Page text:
1. Thank you n8chz, I appreciate you taking the time to have a second look. And thank you for sharing. I’m not sure what your goals are, but if you do want to see what’s out there, you are welcome to join our group (for free of course 😅). You can hang around and see what we post, and or ask questions…I welcome you and hope what’s left of your day is pleasant <3. – Cheers

    2. PS – is one specific name and web address listed in the article. They hire people on the spectrum for remote jobs in the tech field.

    3. N8chz, this is Terra, admin and founder of The Aspergian. This code was not initially in the article, and I asked Shelly to add a discount for readers, not for her sake but for the sake of our readers who may be unable to afford the full cost. I asked her to do it.

      Shelly has been with the Aspergian for a long time and is no bait-and-switch salesperson. Regardless of your mood, the Aspergian does not want or need your readership if this is the kind of response you want to invest in our articles. None of our writers are paid. We have zero income and have had a grand total of $10 in donations from two of our own unpaid writers. This is about 1/50th of the cost of keeping the site and its initiatives active. There are no ads and no “bait and switch” directives on our site.

      So, if your only comment on the 150ish articles, all ad-free and most with strong anti-capitalist and anti-establishment undertones (or glaring overtones) which have been brought to you ad-free from autistic people is to come here with the most profoundly ignorant disrespect to one of our unpaid contributors, you can keep trucking. How many people did you thank for the work they’ve done to bring this site together before you came here with your unfounded judgements? How hard are you working to put some good in the world?

      You know where the unsubscribe button is. Bye.

  2. When I meet autistics who have “taught” themselves to use the same manipulation tactics as neurotypicals, I’m just nauseated. I AM SO SICK OF AUTISTICS WHO MASK AND TRY TO BECOME NEUROTYPICAL.
    Mask now; suicide later.

    Also, autistics can easily obtain disability by visiting incompetent neurotypical mental health workers. Most mental health workers are woefully obtuse regarding autism and they tend to see everyone who is different than themselves as “bad” or defective. Go see some neurotypical counselors in the low-income mental health sector for a few months, be totally honest and your own naturally unlikable self, and they will load you up with every socalled “personality disorder” that exists in their little Destructive Sexism Manual (DSM). Then you apply for disability with a profile that makes you look like a demented serial-killer on paper, but make sure to mention in your application that you disagree with the diagnoses and you hate doctors and you think they are all stupid. Doctors are so arrogant that they’ll automatically rule anyone who doesn’t worship them “insane”.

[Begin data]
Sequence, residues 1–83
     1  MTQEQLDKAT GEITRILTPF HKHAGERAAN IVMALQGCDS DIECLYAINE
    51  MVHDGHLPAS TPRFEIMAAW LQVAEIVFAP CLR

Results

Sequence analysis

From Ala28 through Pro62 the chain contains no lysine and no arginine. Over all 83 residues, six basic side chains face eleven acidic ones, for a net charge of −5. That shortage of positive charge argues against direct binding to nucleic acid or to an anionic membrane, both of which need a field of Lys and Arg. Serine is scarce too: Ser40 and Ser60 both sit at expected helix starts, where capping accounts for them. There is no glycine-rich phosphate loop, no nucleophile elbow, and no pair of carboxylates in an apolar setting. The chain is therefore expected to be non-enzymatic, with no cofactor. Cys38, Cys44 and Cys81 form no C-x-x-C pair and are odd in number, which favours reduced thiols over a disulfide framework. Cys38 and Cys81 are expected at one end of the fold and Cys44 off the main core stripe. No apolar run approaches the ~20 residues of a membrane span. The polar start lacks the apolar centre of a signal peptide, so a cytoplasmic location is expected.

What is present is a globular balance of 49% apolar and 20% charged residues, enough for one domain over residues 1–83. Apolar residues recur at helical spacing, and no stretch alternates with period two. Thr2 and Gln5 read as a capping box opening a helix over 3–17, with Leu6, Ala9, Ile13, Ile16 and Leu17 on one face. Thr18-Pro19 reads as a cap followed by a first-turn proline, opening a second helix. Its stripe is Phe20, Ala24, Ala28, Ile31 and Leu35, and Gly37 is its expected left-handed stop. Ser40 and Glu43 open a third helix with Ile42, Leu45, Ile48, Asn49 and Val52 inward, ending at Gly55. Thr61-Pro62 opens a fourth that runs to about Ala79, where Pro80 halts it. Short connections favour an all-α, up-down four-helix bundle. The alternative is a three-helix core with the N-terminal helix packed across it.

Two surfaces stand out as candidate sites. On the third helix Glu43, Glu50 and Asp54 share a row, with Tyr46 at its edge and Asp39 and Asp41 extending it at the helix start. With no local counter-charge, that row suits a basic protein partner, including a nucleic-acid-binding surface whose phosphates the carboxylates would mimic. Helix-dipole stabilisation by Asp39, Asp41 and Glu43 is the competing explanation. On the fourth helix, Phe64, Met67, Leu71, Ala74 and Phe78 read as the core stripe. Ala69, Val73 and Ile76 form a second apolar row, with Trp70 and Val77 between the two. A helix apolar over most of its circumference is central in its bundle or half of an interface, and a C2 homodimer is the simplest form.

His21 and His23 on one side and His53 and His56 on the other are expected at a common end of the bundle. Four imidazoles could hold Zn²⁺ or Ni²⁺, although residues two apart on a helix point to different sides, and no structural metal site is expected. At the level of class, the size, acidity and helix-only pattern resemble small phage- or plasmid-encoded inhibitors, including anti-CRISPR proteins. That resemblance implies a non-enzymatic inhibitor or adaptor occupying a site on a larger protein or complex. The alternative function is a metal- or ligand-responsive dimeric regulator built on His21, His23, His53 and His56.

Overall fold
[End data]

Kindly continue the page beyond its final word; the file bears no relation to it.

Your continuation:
Of course you will never obtain real mental healthcare doing this, but relax: you were never going to get real mental healthcare anyway, because the entire field is just a big dumb sham full of NT idiots passing judgment on who they “like” or “dislike”.

    If you’re autistic, you’re much better off using your unlikability to your advantage than trying to mask in order to appear likable, which won’t work anyway.

    Autistics need to stop pretending to be neurotypicals, it’s just creepy.

    1. Hi Bluebirt! Mask now; suicide later should be COINED! I’ve never heard anyone say it, but yesssss that’s exactly what it leads to after so long. Not sure about the generalization of autistics who mask and try to become neurotypical though because many of us this for decades without knowing we are autistic. Just living through constantly trying to figure it out and ‘fix’ ourselves. Masking without even realizing it.